Food of Maharashtra
Maharashtra, a state in western India, has a diverse culinary heritage that offers a wide range of delicious and flavorsome dishes. Here are some popular traditional foods of Maharashtra
Maharashtrian cuisine is known for its bold flavors, extensive use of spices, and diverse range of dishes. The cuisine of Maharashtra can be broadly classified into two categories: coastal and inland.
The coastal regions of Maharashtra, including Mumbai and the Konkan region, have a strong influence on the cuisine. Seafood plays a significant role in coastal dishes, and coconut is a common ingredient. Some popular coastal dishes include:
Malvani cuisine is spicy flavors. Fish curries, such as Malvani fish curry, are popular, along with dishes like kombdi vade (chicken curry served with fried bread), sol kadi (a tangy drink made with coconut milk and kokum), and tisrya masala (spicy clams).
Konkani cuisine is a blend of Maharashtrian and Goan culinary traditions. It features dishes like konkani fish curry, bangda fry (fried mackerel), solachi kadhi (kokum curry), and kaju usal (spicy cashew stir-fry).
The cuisine of the inland regions of Maharashtra, such as Pune and Nagpur, is characterized by a balance of flavors and the use of traditional spices. Some notable dishes include:
Puran Poli is a sweet flatbread made with a filling of jaggery and lentils. It is a popular festive dish enjoyed during celebrations and special occasions.
This cuisine is known for its fiery and spicy flavors. Kolhapuri chicken, mutton, and vegetarian dishes are popular, along with special masalas (spice blends) like the Kolhapuri masala.
This cuisine hails from Nagpur and is known for its spicy and robust flavors. Saoji chicken, mutton curry, and kebabs are some of the signature dishes. The cuisine often incorporates black pepper, dry red chilies, and poppy seeds.
Varan Bhaat is a simple and comforting dish consisting of dal (lentils) and steamed rice. It is a staple in Maharashtrian households and is often served with ghee, pickle, and papad.
Bhakri is a type of unleavened bread made from various flours like jowar (sorghum), bajra (pearl millet), or rice flour. It is a common accompaniment to curries and is a part of daily meals in rural Maharashtra.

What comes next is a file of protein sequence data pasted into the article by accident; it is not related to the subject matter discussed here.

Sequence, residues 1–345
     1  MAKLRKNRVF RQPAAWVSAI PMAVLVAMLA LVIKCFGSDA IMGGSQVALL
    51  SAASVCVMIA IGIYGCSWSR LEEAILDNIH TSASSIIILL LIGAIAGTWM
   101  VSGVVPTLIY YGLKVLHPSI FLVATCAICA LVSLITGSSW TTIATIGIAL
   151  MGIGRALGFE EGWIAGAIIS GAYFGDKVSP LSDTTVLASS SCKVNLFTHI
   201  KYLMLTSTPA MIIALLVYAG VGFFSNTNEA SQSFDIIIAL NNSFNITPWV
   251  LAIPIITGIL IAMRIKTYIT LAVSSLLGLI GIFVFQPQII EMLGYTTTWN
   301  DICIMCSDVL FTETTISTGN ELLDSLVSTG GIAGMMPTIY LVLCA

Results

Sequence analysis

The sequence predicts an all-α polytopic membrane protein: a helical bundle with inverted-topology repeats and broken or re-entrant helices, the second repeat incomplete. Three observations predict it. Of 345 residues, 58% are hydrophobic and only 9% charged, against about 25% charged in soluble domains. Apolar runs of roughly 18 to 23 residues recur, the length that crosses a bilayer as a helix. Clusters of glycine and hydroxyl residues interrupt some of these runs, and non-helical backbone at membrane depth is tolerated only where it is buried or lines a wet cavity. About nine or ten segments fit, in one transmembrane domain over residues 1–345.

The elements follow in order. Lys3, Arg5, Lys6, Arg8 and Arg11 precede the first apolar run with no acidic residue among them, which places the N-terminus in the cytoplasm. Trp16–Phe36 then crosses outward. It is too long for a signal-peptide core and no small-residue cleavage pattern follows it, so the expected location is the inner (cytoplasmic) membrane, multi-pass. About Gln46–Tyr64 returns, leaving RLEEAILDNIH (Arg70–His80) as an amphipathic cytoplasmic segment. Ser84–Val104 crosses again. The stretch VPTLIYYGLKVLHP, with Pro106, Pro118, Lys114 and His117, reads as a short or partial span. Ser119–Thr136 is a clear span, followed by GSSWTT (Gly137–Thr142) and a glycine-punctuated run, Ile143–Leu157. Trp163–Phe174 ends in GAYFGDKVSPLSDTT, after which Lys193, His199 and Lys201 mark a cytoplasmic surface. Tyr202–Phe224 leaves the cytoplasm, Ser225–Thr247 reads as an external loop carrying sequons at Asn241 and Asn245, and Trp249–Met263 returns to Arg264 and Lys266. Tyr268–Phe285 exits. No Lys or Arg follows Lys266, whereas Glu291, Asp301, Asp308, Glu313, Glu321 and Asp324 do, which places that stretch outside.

Mastani is a popular dessert drink originating from Pune. It is a thick milkshake made with a combination of ice cream, fruits, and nuts, and sometimes topped with a dollop of whipped cream.
These are just a few highlights of Maharashtrian cuisine. Each region within Maharashtra has its own unique specialties and local delicacies, contributing to the rich and diverse culinary tapestry of the state.
Vada Pav-Food of Maharashtra
Known as the “poor man’s burger,” Vada Pav consists of a deep-fried potato dumpling (vada) served in a bread bun (pav) along with chutneys and sometimes accompanied by fried green chilies.
Vada Pav is often considered the quintessential street food of Maharashtra. It consists of a deep-fried potato dumpling (vada) placed inside a bread bun (pav), along with chutneys, and sometimes accompanied by fried green chilies. It is a popular snack that can be found in almost every corner of Maharashtra.
Puran Poli-Food of Maharashtra
It is a sweet flatbread made from a filling of jaggery (a type of cane sugar) and lentils (chana dal). It is usually enjoyed with ghee (clarified butter) or milk.
Puran Poli is a traditional and popular sweet flatbread or stuffed roti from the state of Maharashtra in India. It is especially popular during festivals and special occasions. Puran Poli has a delightful combination of flavors and textures, making it a beloved dessert in Maharashtrian cuisine.
Misal Pav-Food of Maharashtra
A spicy and flavorful dish, Misal Pav consists of sprouted lentils (usually moth beans or mixed sprouts) cooked with spices, served with a bread roll (pav), and garnished with chopped onions, farsan (a crunchy snack), and coriander leaves.
Poha-Food of Maharashtra
Poha is a popular breakfast dish made from flattened rice flakes cooked with mustard seeds, curry leaves, onions, turmeric, and other spices. It is often garnished with sev (crispy fried noodles) and served with a side of lemon.
Bharli Vangi-Food of Maharashtra
Also known as stuffed brinjal or baingan masala, this dish features small brinjals stuffed with a spicy coconut-based filling and cooked until tender. It is often enjoyed with chapatis or rice.
Sabudana Khichdi-Food of Maharashtra
This is a fasting dish made with soaked tapioca pearls (sago), roasted peanuts, and spices. It is commonly consumed during religious fasting periods and is gluten-free.
Modak-Food of Maharashtra
A popular sweet dumpling, Modak is made from rice flour dough filled with a sweet mixture of jaggery and grated coconut. It is steamed and often served as an offering during the festival of Ganesh Chaturthi.
Kanda Poha is a quick and easy breakfast dish made with flattened rice, onions, mustard seeds, curry leaves, and turmeric. It is a staple in many Maharashtrian households.
Shrikhand is a popular sweet dish made from strained yogurt mixed with sugar, saffron, and cardamom. It is often served chilled and enjoyed as a dessert.
Batata Bhaji is a simple yet delicious Maharashtrian dish made with potatoes. It consists of boiled and mashed potatoes cooked with mustard seeds, turmeric, green chilies, and other spices. It is often served with puris (fried bread) or as a side dish with rice.